While Mám Éan (The Pass of the Birds) is quite a pleasant spot, with nice views all around, the walk up is rather disappointing. Coming from Maam, the first 5.5 km are on tarmac. As if that wasn’t tedious enough, the next 1.8 km consist of an even worse recently bulldozed sand and stone track that has been bludgeoned across what would have previously been lovely mountain bog. Only when this track eventually peters out is there any feeling of being in the mountains of Connemara (for 1.0 km). Once here, the mist, ever rolling in and out, adds to the atmosphere.

Descending the other side from Mám Éan is a more rewarding experience, on what might be termed a naturally eroded (sic) 1.7 km long track, quite like the one up the Reek. At the base of this track, you can exit the area by a narrow tarred roadway south or north (hence the three accesses referred to above). I chose to head 6.5 km north, up towards Lough Inagh, where I had left my bike earlier that day.

I walked beneath the superb Maumturk mountains on my right-hand side, with their steep western walls shining in the autumn light. Beyond, to my left and across the valley, loomed the wonderful Twelve Bens. A donkey accompanied me along for a while, like a big pointy-eared dog. He took my sandwich and my mind off the tarmac.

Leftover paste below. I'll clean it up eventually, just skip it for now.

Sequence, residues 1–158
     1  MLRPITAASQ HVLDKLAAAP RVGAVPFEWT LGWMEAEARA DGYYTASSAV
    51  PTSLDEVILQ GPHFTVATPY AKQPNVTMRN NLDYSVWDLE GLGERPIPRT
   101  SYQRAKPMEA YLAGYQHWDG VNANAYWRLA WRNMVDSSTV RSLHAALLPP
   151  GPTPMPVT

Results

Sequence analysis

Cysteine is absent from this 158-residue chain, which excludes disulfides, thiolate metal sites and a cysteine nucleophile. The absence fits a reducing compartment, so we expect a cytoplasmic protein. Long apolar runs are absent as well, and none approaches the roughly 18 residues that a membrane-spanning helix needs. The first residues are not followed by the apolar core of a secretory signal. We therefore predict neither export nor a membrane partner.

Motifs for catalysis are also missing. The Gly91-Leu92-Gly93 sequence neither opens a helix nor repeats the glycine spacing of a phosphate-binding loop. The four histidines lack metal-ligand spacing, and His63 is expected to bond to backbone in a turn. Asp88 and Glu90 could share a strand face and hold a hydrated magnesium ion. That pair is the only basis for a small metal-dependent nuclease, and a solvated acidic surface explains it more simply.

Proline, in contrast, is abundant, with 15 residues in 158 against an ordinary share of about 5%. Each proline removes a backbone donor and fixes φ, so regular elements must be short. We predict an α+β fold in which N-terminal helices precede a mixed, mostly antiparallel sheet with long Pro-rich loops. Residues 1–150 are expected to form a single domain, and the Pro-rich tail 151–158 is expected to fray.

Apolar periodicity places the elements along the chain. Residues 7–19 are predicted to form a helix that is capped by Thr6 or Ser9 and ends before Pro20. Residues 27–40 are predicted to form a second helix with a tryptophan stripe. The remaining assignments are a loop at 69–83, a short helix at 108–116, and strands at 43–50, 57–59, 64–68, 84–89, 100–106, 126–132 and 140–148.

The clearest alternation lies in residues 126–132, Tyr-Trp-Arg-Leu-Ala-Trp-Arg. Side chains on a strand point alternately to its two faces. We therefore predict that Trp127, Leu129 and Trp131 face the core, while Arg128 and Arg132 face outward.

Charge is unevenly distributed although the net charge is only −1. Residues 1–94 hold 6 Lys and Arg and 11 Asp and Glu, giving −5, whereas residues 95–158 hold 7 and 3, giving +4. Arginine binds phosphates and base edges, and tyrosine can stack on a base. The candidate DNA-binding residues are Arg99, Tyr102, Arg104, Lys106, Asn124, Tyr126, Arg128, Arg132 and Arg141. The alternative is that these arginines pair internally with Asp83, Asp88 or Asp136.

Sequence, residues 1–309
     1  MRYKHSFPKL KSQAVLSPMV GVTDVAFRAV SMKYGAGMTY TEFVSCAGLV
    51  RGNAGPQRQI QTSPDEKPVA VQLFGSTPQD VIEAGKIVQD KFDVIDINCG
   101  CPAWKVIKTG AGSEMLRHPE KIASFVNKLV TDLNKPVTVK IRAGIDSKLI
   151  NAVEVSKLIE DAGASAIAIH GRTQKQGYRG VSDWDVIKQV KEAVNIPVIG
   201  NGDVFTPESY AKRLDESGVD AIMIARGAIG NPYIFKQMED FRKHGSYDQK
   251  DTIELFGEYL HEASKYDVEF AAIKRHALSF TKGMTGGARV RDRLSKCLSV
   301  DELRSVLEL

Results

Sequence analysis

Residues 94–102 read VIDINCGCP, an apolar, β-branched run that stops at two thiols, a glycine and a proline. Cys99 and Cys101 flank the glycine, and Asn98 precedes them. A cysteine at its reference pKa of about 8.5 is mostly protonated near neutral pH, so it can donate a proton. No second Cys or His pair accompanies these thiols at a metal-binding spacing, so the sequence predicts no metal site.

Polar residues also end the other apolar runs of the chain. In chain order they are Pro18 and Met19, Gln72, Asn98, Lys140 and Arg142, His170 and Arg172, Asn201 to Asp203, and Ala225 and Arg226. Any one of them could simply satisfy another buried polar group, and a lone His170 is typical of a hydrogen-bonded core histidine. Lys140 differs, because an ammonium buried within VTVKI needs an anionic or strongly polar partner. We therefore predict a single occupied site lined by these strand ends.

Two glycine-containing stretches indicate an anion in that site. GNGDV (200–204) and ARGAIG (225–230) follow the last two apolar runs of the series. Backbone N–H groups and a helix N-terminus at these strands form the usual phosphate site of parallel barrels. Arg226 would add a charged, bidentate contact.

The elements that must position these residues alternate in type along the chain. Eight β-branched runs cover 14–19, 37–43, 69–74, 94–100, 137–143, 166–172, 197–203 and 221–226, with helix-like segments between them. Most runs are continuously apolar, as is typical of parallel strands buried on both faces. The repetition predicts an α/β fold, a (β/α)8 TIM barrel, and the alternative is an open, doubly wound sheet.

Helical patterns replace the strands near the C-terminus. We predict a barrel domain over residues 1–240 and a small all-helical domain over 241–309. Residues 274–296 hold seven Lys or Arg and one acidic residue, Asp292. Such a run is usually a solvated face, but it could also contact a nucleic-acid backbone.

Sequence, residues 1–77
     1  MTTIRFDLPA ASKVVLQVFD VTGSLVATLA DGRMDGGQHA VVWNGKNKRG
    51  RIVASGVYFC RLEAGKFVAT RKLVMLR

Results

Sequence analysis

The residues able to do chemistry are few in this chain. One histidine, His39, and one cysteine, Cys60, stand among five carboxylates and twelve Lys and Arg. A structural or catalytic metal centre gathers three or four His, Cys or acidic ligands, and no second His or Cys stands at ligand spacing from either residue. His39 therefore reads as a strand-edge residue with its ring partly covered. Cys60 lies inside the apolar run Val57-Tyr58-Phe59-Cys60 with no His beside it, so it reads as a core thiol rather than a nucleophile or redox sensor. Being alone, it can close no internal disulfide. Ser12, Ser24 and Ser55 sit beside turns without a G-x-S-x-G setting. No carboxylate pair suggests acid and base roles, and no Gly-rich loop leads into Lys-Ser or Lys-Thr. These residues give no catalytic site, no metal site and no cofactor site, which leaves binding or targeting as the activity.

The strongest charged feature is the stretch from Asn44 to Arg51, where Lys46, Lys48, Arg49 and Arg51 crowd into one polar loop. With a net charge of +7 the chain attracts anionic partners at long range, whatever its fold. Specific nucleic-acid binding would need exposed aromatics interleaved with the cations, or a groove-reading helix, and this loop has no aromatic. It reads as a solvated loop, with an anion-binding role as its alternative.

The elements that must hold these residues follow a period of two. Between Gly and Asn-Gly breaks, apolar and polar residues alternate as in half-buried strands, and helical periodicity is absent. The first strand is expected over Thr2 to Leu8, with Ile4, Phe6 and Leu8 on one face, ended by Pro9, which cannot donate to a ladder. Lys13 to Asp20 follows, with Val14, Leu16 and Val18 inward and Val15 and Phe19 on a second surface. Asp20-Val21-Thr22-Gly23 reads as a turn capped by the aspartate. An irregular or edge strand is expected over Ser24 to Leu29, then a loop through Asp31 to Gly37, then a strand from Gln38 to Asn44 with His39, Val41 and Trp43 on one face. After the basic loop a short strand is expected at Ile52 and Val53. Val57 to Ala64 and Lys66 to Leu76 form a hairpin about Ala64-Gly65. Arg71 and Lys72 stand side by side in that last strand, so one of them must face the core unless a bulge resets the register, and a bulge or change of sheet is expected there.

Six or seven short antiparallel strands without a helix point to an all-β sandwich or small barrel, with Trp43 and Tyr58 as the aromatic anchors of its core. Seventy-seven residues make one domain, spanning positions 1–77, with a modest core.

Shortly, I would mount the bike and cycle the long 29 km back to Maam and my car. This was tough, I have to admit. It seems that whenever I choose to walk from A to B and cycle back to A, the wind is in my face for the hardest stretch of the return journey. Like a sick joke, the winds seem to gather wherever I started out walking, loiter around and then hit me head-on like a convoy when I’m cycling back later. For good measure, they throw in some classic West of Ireland horizontal rain ….

With 73% of this walk on tarmac, it is, to misquote a well-known TV pundit, “a good walk, but not a great walk”.

Mám Éan walk

Maam to Inagh : 16.5 km, total ascent 398 m, 4.5 hours (including breaks).

Return cycle, Inagh to Maam (via Maam Cross) : 28.8 km, total ascent 242 m, 2.5 hours (including breaks).

Posted in Blog, Walking in the West of Ireland | Tagged , , , , , | 7 Comments